Thursday, July 23, 2009

Are We Color Blind?

Women are continuously berated with messages telling them there is always something they can do to become beautiful. Racially diverse women are told that light skin is more beautiful and are inundated with cosmetics that bleach one’s skin. The same company approaches Caucasian women with tanning products, informing them that “exotic” women have a greater sex appeal. The dichotomy that exists between the ideal skin color of racially diverse women and Caucasian women subjects females to a hypocritical and unattainable ideal of beauty which makes them more easily marginalized.

Anastasia Higginbotham argues in her article “Teen Mags: How to Get a Guy, Drop 20 Pounds, and Lose Your Self Esteem” that the American media is nothing more than a “blur of contradictory messages” (Higginbotham, 96). Advertisements constantly present female consumers with catch-22 images, boasting clothing, accessories and make up that will improve their looks. Skin lightening and tanning creams provide women with this same self contempt, but at a greater cost. While make-up and apparel are fairly inconsequential commodities that can easily be altered, skin color is much more immutable and defining. “If they really wanted girls to love their bodies, they would give them a few more…colors to choose from” (Higginbotham, 96) observes Anastasia Higginbotham.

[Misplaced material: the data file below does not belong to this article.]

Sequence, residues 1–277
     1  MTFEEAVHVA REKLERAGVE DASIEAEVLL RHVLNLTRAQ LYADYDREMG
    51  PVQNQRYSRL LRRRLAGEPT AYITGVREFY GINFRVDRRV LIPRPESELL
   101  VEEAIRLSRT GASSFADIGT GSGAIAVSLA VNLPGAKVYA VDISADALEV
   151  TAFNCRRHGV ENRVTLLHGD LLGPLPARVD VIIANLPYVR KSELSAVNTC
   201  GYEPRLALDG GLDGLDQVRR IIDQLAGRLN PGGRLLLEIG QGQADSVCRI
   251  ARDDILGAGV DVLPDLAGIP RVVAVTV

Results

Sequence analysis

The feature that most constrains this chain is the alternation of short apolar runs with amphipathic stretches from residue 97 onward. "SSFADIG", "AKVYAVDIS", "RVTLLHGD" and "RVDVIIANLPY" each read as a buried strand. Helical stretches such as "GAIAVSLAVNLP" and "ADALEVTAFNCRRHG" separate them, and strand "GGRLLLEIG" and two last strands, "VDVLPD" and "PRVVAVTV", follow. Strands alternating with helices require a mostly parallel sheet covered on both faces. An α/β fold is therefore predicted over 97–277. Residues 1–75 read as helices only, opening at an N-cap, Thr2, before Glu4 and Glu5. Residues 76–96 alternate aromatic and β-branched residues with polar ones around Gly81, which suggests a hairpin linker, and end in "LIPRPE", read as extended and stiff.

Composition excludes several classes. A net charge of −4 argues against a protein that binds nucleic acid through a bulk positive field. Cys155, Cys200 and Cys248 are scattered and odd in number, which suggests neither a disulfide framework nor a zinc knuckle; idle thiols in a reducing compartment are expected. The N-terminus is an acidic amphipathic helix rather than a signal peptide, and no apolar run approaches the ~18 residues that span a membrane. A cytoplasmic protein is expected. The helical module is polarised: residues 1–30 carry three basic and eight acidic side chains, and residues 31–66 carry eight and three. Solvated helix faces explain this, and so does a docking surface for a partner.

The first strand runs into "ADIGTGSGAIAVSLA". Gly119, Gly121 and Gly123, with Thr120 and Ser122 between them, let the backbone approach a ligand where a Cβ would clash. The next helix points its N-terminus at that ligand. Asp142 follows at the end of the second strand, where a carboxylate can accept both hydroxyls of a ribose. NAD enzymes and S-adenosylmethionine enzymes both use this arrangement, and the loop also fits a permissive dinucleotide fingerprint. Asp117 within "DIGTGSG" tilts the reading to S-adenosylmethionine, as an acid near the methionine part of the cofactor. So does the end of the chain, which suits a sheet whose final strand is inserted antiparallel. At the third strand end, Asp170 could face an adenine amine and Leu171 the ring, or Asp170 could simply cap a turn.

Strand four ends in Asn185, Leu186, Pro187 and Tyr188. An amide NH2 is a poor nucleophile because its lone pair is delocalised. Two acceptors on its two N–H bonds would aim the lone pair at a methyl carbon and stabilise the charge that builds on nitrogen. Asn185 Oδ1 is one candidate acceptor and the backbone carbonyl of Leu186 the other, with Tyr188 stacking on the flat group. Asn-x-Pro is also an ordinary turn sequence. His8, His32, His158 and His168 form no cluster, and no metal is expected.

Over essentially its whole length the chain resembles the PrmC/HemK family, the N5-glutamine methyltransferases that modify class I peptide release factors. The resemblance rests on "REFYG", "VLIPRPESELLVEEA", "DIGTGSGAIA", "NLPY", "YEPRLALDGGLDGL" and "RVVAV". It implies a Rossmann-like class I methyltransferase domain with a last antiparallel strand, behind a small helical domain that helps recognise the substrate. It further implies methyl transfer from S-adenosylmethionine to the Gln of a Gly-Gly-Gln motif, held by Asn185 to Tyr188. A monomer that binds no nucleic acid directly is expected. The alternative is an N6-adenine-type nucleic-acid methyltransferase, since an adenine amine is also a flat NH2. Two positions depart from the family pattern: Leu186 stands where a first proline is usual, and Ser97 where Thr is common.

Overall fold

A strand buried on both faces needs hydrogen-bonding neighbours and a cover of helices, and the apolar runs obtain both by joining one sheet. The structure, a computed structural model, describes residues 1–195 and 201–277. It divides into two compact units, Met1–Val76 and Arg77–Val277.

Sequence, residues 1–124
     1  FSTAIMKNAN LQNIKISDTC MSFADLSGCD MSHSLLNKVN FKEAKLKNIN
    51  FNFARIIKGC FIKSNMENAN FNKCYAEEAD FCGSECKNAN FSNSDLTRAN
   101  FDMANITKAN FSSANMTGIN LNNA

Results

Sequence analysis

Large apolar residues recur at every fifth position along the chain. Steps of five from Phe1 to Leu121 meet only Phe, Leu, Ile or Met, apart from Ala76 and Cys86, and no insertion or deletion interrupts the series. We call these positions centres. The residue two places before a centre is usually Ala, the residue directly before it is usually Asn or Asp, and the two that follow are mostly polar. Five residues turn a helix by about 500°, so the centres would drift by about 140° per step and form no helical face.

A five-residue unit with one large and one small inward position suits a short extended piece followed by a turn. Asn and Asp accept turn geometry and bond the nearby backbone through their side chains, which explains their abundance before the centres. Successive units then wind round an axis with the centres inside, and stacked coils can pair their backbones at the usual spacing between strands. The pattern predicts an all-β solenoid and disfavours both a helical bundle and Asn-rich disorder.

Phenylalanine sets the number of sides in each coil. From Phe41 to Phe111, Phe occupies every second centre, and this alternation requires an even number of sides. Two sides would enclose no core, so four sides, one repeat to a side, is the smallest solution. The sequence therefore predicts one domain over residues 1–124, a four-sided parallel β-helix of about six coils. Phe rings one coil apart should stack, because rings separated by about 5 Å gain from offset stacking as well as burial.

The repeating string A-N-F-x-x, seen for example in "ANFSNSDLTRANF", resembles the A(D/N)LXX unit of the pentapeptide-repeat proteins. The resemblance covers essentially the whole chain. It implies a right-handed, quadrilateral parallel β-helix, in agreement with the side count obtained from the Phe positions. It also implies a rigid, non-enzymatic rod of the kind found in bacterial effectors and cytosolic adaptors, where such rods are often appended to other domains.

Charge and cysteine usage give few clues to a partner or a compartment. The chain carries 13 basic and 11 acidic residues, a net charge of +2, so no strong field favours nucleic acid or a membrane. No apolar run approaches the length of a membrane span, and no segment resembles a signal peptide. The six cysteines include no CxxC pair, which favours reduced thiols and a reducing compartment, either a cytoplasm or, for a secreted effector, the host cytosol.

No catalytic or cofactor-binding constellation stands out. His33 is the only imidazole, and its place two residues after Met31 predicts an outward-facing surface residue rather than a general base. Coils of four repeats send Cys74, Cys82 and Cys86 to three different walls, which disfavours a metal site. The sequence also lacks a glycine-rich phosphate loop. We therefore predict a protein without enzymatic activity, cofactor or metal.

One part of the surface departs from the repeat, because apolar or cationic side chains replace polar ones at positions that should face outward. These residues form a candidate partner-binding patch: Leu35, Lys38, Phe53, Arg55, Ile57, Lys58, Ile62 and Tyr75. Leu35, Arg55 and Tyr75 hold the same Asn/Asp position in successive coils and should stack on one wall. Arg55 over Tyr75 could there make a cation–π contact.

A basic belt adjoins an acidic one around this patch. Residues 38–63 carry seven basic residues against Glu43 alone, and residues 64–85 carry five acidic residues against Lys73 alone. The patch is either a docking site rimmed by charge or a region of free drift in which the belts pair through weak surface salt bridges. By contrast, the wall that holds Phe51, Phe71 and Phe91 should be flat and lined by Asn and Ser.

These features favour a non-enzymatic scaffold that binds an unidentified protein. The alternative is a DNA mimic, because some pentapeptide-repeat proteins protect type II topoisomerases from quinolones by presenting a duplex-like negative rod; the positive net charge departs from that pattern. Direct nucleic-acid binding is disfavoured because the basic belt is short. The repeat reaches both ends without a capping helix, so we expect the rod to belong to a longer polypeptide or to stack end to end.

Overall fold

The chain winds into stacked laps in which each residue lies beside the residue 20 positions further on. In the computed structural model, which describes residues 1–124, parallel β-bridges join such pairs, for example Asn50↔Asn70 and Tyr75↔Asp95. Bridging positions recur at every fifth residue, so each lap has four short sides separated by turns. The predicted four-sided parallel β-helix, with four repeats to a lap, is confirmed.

It goes without saying that relentless assessment of women against a paradoxical ideal of something so defining as skin tone decreases her sense of self worth. According to Naomi Wolf author of The Beauty Myth, constant judgment of arbitrary traits is “An ideology that makes women ‘feel worthless’… destroying women physically and depleting us psychologically” (Wolf, 124-125). Worn-out self esteem caused by relentless judgment of identifying traits like skin color makes women less competitive and easier to marginalize. Beauty is with out a doubt the “best belief system that keeps male dominance intact” (Wolf, 121).

Works Cited

Higginbotham, Anastasia. “Teen Mags: How to Get a Guy, Drop 20 Pounds, and Lose Your Self Esteem.” 93-96

Wolf, Naomi. “The Beauty Myth”. 120-125


1 comment:

  1. Vini-
    Nice job with this collage & write-up. I really like the approach you chose by using the paradoxical ads for skin lighting and darkening products that are marketed to women by cosmetics companies.
    The only issue I found here was one of the choice of sources to cite. The film and article you watched/read by Jean Killbourne addressed (albeit briefly) the issues of women of color consistently depicted as the "exotic other," which equates in a great number of cases to further marginalization when "exotic" equates to heightened sexuality/sexual availability and depictions that represent women of color as exotic through the use of animal-imagery.
    Therefore, the use of her piece, as opposed to perhaps Higginbotham's piece (the use of Wolf's piece was well-chosen), would have helped bolster your analysis and underscore the great thesis that you have asserted.